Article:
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Issue: February 1995

eccentric, but compelling

dog man star (nude/Columbia)
The London Suede

Suede walks the thin line between what's eccentric and interesting and what's weird and annoying. The band stays on the good side of that divider for most of its latest release, dog man star.

There are some fine songs here, if you forgive singer Brett Anderson's obsession with David Bowie and tolerate the rest of the band's unnatural fixation on echo effects and tremolo guitar. Anderson and guitarist Bernard Butler are capable of writing offbeat but engaging pop melodies when they feel like it. When they don't feel like it, they write either bizarre, dissonant instrumentals or overwrought Message (with a capital M ) ballads.

"We Are the Pigs" combines Anderson's Spiders from Mars-ish vocals with heavy crunch licks from Butler, with brass and synth accents. Butler chips in with a nice, looping solo.

"The Power" is a danceable pop number with a cheery guitar motif under its catchy chorus and evocative distortion effects over its coda. Chiming guitars and half-wavering vocals battle for the foreground throughout "New Generation," a cut so Bowie-like it could have been a Hunky Dory outtake.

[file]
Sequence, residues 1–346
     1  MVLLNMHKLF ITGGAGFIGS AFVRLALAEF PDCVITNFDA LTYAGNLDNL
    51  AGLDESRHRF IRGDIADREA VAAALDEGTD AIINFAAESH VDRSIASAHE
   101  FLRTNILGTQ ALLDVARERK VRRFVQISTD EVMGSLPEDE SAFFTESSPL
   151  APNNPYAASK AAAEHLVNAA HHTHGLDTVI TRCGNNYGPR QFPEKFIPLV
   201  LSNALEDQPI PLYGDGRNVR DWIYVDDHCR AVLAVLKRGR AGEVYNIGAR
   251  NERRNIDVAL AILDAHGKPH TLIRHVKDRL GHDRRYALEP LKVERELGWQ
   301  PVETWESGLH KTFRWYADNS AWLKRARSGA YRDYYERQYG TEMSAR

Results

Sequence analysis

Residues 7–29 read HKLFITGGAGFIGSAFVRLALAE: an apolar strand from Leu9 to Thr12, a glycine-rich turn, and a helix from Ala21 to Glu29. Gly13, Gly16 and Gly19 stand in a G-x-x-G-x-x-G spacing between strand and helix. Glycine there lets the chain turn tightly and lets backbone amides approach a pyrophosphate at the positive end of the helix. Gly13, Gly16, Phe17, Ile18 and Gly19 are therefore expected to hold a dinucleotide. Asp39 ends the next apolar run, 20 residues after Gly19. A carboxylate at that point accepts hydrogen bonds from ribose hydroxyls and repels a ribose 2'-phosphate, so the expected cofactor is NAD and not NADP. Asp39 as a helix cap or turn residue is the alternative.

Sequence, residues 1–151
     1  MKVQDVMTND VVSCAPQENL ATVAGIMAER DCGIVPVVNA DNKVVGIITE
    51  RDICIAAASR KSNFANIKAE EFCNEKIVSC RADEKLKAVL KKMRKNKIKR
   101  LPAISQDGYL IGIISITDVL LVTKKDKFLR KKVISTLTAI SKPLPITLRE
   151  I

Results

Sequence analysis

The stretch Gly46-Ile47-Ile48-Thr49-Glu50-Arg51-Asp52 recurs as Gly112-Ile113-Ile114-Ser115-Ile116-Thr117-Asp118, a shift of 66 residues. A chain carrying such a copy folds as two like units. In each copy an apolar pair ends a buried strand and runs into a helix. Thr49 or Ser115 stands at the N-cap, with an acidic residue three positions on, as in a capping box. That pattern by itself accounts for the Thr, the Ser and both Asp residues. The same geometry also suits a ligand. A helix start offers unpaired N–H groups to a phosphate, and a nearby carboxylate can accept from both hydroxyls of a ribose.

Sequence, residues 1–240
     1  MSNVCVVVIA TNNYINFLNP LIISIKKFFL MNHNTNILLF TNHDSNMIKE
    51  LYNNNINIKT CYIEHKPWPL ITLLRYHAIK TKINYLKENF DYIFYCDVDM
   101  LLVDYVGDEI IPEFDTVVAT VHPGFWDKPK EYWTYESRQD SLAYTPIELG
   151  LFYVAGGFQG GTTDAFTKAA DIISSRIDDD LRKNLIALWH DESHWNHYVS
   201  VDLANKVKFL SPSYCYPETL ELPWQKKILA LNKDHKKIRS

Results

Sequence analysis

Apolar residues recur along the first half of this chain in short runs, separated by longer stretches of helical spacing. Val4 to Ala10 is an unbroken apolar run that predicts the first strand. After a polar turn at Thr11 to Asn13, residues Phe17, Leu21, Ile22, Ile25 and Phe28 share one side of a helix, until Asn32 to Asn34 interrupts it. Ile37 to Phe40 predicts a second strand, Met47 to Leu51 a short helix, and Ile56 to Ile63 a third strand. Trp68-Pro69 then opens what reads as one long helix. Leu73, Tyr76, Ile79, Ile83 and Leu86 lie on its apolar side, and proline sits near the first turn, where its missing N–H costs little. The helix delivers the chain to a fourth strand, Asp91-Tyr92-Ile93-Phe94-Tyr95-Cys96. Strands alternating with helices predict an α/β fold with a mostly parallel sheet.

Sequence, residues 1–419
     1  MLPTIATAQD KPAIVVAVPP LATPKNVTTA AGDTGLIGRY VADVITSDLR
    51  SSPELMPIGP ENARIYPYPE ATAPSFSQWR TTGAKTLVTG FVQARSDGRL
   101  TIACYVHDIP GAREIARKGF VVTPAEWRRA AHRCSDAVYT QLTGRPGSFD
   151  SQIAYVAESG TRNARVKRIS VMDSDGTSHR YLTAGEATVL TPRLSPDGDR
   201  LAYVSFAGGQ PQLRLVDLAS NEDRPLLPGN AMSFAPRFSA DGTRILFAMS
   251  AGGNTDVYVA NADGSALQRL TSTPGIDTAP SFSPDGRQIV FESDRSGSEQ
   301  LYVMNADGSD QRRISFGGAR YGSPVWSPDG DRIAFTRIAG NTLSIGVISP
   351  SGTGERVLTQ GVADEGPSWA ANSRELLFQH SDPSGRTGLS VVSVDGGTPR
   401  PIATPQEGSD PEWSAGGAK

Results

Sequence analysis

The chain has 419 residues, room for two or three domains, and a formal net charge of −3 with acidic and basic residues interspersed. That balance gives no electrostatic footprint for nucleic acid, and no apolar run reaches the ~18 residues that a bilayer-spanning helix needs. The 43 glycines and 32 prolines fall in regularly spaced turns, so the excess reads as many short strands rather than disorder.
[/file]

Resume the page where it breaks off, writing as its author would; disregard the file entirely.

Yes kiddies, there is an uncredited bonus track here, and it proves to be one of the disc's better tunes. After a :38 silence, listeners are treated to a breezy 4-minute pop number with a punchy guitar solo.

Dog man star features some clever lyrical turns as well. "Black or Blue," a song about a guy who falls for a girl visiting London but in tax exile, features this couplet: "She left some flowers, he smoked for hours."

"Heroine" is probably the album's most lyrically intriguing song. When Anderson sings "I'm aching to see my heroine, I've been dying for hours and hours," it's impossible to tell if this is meant as a standard romantic plaint, a statement on drug addiction or perhaps a parallel between both.

This album's missteps are mostly failed experiments. "The Asphalt World," for instance, is intended as a showcase for an extended, feedback-soaked, echo-enhanced guitar solo but drags interminably before finally clocking out at a hefty 9:20.

Anderson does more thesping than singing on "The 2 of Us" and "Still Life," affecting a stilted, overly dramatic delivery which borders on the ridiculous. Both songs cross that border as a symphony orchestra and a church organ swell in the background during their latter verses.

Luckily, such moments are rare here. A few subpar tracks aside, dog man star is compelling listening.

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